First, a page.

Winter is coming—in fact, in some parts of the country, it’s already here! While the cold for some people means hot cocoa and cozy fires, for others, it means saying goodbye to a precious motorcycle until snow stops and ice thaws. Motorcycles are prized possessions, as well as major investments, so riders don’t put their babies away lightly—they winterize and move their hogs to self storage for hibernation.
Peter Hayes, tour manager at EagleRider Motorcycles, explains that winterizing is “a process done by riders who live in cold climates to protect and store their bike over the winter months.” Sonic Patterson, lead technician and shop foreman with Go AZ Motorcycles in Scottsdale, Ariz., adds that it’s important to winterize motorcycles so that they don’t require major work after being taken out of storage.
Of course, winterizing isn’t something that all riders worry about. “If you’re in a ride year-round area, then there’s nothing to do,” explains Tom Kapp, chief builder with Art in Motion, which designs and builds custom motorcycles in Kissimmee, Fla. However, it’s worth noting that the same process can be followed for motorcycles being stored for any reason, whether it’s hot summers, military deployment, or a cross-country move. After all, keeping your bike in riding shape is the rider’s top priority.
So what are the necessary steps you need to take to winterize your motorcycle?
Step 1: Wash Your Motorcycle
The whole winterization process involves a lot of tender loving care for your bike, so Hayes says that treatment should begin with making sure your bike is as clean as possible. “Dirt and insects are much harder to get off six months later,” he adds.
Patterson agrees that a good wash should happen before storing a bike and says you should “warm up the bike to burn away any excess water that may be in hard to reach areas [after washing].” He suggests waxing and buffing to protect the paint and cleaning and conditioning any leather parts after washing, too.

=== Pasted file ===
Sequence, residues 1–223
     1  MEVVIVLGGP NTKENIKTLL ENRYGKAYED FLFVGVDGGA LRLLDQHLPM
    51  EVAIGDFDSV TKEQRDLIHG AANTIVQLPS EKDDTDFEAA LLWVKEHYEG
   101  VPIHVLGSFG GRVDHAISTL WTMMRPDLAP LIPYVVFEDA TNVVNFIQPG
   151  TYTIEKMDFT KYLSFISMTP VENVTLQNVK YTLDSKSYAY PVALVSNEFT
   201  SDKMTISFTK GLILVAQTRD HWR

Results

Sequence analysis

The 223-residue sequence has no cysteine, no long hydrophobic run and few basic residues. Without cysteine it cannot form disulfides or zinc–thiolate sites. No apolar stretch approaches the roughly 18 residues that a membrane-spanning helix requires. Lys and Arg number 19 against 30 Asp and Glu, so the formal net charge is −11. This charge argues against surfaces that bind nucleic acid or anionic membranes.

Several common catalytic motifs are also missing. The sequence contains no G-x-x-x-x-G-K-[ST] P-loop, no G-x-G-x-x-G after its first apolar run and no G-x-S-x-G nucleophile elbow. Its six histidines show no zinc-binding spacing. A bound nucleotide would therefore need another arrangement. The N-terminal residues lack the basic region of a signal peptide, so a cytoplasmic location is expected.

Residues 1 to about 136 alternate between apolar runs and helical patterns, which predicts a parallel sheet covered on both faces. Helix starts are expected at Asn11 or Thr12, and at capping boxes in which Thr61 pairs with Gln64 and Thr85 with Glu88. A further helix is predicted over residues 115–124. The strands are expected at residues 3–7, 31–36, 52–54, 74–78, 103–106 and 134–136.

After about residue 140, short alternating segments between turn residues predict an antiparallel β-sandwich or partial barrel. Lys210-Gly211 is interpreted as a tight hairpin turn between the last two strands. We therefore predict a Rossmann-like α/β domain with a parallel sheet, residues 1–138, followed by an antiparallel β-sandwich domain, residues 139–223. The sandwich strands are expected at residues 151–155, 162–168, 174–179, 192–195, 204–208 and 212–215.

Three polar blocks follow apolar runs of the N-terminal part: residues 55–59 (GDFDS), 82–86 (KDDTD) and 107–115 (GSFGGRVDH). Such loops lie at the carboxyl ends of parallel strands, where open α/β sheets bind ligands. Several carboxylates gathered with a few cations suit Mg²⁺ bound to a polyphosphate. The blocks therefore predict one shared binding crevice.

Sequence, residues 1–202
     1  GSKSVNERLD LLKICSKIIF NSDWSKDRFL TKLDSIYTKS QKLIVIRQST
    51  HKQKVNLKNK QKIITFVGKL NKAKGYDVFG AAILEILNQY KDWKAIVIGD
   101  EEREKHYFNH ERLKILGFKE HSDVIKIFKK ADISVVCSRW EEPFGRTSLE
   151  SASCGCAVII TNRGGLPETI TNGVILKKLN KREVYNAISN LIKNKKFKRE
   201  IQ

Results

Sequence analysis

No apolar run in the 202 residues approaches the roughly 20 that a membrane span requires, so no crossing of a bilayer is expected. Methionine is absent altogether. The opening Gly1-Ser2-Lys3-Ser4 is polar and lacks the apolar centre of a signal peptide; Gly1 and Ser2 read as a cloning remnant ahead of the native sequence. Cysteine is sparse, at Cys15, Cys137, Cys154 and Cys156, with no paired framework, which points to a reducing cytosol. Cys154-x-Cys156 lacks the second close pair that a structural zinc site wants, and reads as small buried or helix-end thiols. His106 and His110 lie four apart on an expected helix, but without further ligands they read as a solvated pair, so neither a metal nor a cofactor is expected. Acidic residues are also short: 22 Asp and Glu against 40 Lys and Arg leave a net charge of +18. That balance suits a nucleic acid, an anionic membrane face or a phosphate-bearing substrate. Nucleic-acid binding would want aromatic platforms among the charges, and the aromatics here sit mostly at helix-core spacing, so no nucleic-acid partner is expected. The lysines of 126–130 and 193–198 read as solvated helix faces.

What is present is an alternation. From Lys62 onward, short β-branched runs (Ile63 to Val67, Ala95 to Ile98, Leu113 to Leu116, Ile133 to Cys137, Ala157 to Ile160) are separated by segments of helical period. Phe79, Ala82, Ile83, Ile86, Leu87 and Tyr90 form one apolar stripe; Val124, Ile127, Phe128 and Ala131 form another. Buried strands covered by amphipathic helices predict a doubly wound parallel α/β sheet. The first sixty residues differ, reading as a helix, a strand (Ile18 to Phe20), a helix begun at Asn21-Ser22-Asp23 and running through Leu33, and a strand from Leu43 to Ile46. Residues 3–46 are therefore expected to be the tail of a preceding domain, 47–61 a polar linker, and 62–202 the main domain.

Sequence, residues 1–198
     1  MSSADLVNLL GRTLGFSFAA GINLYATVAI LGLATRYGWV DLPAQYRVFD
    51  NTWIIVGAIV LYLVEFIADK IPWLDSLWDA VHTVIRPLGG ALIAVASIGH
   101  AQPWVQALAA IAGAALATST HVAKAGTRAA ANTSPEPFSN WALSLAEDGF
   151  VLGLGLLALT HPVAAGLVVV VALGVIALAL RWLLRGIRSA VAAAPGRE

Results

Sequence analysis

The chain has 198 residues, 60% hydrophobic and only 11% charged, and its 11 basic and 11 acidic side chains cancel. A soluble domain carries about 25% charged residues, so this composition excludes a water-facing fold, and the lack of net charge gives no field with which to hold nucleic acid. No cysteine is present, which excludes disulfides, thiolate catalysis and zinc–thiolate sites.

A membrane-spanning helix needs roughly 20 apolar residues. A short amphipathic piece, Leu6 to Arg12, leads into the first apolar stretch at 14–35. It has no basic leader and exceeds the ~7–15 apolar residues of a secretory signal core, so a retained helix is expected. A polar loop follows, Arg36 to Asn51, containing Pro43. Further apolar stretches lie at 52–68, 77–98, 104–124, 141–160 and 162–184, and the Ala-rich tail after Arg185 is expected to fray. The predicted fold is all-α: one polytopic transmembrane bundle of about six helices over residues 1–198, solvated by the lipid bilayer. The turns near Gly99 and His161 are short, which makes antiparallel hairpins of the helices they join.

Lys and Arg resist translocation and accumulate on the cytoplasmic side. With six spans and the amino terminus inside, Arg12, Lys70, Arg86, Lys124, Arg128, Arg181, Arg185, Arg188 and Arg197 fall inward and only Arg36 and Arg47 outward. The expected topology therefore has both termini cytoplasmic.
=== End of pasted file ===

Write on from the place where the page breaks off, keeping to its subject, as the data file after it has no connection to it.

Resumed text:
Step 2: Add Fresh Fluids to Your Bike
Oils and other fluids are huge components in the winterization process, and forgetting them can leave you in a world of hurt when spring rolls around. “All the fluids in the bike should be fresh,” says Patterson. “Brake fluid will absorb any excess moisture and start to coagulate and harden inside the brake lines.” Kapp adds that antifreeze should be changed since bad antifreeze can freeze the bike if temperatures get too low.
Hayes and Patterson both recommend an oil change and oil filter service near the beginning of winterization as well. “Old or contaminated oil can become acidic and start to erode internal engine parts,” explains Patterson.
Hayes says that another fluid to be mindful of is the fuel. “Add a fuel stabilizer to the gas tank, and run the engine for five minutes to make sure it works its way through the bike’s fuel-delivery system.”
“[Fuel stabilizers] stop any corrosion in the tank and keep the gas fresh. If you don’t do this, you could have bad gas and rust in the spring.”
Tom Kapp, chief builder with Art in Motion
“[Fuel stabilizers] stop any corrosion in the tank and keep the gas fresh,” Kapp agrees. “If you don’t do this, you could have bad gas and rust in the spring.”
If you have a carbureted bike, Kapp says you should ride it for ten miles after adding stabilizer to the fuel tank, turn off the gas, then run it again until it runs out of gas. This helps you avoid a $300 to $600 carburetor cleaning later. Hayes adds that carbureted bikes need float bowls drained, too—a step that’s “unnecessary for more modern bikes with fuel-injection.”
Hayes and Kapp both suggest STA-BIL; Patterson says Seafoam and K100 are also good stabilizers.
Step 3: Deal with the Motorcycle Battery
“The first thing that should be done is to make sure that the battery is good and charged,” says Patterson. “If it’s a conventional battery, make sure that the water level is full (only use distilled water).” Maintenance-free batteries are sealed, and their water levels can’t be adjusted, so you won’t have to worry about those.